Also, I do not think it’s too early to say that MS is doomed in the console space. They have shown, repeatedly, that they simply don’t “get” what gamers want. They have shown, repeatedly, that they have no respect for their customers OR their competition (see recent interviews with MS executives slamming the PS3 for instance). They have shown that they have no problem straight up LYING to their customers either. These things matter. People notice. Aside from the PR mess…what you have now are two $400 consoles…but one is significantly less powerful than the other. Customers aren’t dumb. They know by now which console plays games better. I expect sales will continue to slide…I wouldn’t be surprised if, by the end of 2014, the Xbox is outsold by the PS4 three to one, globally. You will see, especially in the months following E3, exactly what I mean.

        May 15, 2014 at 1:13 pm
  • AlexH
    Reply

    Here’s another Jeopardy question:
    What’s a $400 Ouya called? A PS4!

    Sony the company is going down so quick it’s not even funny and going down with them is there PlayStation. They are so lacking in money that instead of getting AAA games like Titan fall they resort, or should I say the have to, resort to indie games. 1985 8-bit looking indie games, what a joke…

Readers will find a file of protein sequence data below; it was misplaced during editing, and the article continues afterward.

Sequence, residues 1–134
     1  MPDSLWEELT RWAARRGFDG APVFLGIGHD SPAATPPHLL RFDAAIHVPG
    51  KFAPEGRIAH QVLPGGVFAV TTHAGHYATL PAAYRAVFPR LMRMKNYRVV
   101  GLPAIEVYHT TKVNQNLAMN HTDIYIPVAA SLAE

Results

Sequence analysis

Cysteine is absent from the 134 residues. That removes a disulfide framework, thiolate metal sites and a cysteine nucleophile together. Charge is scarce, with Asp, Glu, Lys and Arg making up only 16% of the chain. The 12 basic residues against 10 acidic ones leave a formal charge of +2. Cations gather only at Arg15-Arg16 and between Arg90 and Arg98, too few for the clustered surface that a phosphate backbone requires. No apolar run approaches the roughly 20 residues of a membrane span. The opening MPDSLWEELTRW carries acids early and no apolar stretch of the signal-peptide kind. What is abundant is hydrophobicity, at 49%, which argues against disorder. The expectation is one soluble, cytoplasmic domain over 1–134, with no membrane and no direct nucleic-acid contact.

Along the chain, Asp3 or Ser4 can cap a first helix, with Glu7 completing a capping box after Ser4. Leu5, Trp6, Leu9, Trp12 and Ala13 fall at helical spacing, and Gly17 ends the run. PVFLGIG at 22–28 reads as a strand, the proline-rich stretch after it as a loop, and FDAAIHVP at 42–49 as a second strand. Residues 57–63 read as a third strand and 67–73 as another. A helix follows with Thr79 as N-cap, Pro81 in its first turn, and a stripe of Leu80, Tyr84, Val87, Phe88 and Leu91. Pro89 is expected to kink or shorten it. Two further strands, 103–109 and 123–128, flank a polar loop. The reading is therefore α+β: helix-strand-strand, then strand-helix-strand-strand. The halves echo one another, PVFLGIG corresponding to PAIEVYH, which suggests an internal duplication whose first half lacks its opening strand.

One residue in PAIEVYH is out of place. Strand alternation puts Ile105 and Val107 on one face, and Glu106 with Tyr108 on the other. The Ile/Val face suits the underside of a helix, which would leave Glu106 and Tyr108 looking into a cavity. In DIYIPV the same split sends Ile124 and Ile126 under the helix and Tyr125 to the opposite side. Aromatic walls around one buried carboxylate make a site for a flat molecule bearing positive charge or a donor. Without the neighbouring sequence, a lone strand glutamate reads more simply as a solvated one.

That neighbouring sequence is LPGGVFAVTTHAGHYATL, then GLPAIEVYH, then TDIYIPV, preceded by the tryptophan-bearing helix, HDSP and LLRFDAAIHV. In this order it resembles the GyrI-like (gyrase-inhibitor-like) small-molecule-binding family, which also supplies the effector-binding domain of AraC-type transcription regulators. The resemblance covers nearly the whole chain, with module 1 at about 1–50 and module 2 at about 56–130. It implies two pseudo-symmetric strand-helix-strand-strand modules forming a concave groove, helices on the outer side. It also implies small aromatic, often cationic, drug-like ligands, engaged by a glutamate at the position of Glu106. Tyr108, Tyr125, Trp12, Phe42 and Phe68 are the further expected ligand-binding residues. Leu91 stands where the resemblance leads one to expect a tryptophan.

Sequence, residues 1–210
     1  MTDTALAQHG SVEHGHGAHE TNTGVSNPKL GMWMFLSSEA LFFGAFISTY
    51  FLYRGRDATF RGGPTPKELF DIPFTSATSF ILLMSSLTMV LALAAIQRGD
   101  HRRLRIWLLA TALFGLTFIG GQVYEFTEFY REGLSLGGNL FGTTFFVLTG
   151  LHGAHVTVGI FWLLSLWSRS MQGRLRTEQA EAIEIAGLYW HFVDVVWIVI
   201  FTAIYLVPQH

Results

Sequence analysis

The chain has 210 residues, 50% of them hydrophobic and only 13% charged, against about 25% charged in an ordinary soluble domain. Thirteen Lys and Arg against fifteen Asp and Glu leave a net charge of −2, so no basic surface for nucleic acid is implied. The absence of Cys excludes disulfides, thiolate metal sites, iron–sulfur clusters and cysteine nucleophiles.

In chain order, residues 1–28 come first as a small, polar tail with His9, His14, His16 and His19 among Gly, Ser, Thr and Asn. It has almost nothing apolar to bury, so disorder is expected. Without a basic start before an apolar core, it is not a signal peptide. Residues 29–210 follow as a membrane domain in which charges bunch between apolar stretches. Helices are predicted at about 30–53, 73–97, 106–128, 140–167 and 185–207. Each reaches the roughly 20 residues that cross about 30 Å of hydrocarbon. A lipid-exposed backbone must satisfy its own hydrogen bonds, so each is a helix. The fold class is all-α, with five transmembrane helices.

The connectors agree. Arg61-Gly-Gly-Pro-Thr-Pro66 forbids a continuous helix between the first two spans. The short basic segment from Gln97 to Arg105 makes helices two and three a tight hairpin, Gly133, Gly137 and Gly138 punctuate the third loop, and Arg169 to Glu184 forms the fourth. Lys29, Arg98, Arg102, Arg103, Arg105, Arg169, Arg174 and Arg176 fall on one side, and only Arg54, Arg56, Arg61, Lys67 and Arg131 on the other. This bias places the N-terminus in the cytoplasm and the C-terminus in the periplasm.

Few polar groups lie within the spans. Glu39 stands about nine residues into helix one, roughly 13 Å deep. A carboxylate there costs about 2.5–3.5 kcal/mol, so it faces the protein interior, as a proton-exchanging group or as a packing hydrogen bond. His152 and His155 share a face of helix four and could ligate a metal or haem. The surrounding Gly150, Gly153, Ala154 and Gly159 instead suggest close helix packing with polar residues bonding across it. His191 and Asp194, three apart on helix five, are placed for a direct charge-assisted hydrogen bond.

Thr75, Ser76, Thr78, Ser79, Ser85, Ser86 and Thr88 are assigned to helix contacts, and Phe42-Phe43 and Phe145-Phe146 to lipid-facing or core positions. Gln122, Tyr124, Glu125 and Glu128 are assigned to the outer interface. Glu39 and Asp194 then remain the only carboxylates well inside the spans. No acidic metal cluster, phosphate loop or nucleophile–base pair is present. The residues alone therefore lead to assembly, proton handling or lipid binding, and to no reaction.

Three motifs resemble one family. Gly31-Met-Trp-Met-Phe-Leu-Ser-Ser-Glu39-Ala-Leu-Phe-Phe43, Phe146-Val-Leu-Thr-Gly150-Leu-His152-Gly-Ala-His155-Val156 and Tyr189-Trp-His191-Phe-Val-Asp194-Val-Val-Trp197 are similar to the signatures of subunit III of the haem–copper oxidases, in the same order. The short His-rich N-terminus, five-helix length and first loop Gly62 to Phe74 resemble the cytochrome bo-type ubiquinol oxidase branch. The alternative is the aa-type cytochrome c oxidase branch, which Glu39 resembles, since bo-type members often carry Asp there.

Sony is valued as “junk” status at the stick market. Sony is going down along with its $400 Ouya, the PS4.

    May 14, 2014 at 6:59 pm
    • AlexH
      Reply

      *stock market

      May 14, 2014 at 7:01 pm
    • Kahlief
      Reply

      I would say that description is hyperbolic and not reasonable. The PS4 is more than holding its own has proven to bring in Indies which is not a bad thing at all. The day of consoles being held down by AAA titles is long gone

      May 14, 2014 at 8:49 pm
    • Cicero Holmes
      Reply